An amendment made by the House of Lords to the UK’s proposed Digital Economy Bill – which called for a broadband universal service order (USO) of 30Mbps – has been rejected by the government, thinkbroadband reports. Due to the recently-called general election, which will take place on 8 June 2017, several pieces of legislation are now being rushed through parliament, and with the Digital Economy Bill being one of them it was brought back for discussion yesterday (26 April). In addressing the amendments to the bill that had been made by the upper house in February 2017, digital minister Matt Hancock confirmed that the proposal to increase the USO to 30Mbps was being watered down, with the original plan for a 10Mbps baseline restored. Speaking in the House of Commons, Mr Hancock did note, however, that government was inserting a new amendment which calls on local telecoms regulator Ofcom to review the minimum download speed in the broadband USO once superfast services, which it describes as connections of at least 30Mbps downstream, ‘are subscribed to for use in at least 75% of premises in the United Kingdom’.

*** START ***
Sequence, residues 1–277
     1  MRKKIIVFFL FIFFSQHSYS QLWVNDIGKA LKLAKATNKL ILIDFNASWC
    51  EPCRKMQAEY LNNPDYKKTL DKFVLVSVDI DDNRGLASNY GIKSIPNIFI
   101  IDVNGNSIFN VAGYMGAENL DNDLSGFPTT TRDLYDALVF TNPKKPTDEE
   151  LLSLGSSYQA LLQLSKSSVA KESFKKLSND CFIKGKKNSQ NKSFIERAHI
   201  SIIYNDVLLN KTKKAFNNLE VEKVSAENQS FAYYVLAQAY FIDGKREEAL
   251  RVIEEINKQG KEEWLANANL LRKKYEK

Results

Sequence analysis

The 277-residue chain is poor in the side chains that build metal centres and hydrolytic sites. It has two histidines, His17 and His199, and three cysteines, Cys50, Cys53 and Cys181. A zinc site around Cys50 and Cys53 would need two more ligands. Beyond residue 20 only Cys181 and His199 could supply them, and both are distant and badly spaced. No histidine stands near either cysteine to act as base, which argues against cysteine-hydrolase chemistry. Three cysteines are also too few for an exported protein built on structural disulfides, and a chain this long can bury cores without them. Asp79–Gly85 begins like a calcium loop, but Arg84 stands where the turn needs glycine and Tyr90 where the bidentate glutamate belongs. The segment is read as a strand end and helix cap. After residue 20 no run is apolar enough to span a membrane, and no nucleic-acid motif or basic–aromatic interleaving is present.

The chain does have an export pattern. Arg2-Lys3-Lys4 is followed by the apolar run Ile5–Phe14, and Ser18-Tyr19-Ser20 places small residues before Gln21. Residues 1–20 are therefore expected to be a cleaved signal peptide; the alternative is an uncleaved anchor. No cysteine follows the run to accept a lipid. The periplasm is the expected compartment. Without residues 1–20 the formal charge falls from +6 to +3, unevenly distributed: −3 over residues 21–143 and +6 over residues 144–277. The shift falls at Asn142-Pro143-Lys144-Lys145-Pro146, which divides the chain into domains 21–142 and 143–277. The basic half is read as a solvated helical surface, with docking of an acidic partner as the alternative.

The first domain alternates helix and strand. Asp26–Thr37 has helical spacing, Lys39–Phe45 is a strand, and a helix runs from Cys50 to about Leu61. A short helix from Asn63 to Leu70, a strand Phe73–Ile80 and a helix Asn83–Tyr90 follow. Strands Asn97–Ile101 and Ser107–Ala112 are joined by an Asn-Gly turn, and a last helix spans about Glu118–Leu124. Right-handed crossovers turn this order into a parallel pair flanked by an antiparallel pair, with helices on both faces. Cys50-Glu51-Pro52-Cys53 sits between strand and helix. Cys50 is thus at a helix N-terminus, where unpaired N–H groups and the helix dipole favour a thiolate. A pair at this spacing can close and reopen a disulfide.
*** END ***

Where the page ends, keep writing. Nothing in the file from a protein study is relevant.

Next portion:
Alongside doing away with the call from the Lords for a 30Mbps USO, the government meanwhile also confirmed its removal of another, arguably more ambitious, amendment which proposed that the USO must specify that the target for broadband connections and services to be provided before 2020 must have speeds of 2Gbps or more, with fibre-to-the-premises (FTTP) as a minimum standard. In his remarks to parliament, Mr Hancock said: ‘According to Ofcom’s latest data, in 2016, take-up of ultrafast broadband with a download speed of 300Mbps and higher was less than 0.1%, so we are nowhere near being able to demonstrate that the majority of the population have access to full fibre with a download speed of 2Gbps. We therefore cannot accept Lords amendment 1, and we are not in a position of a substantial majority having taken up superfast broadband.’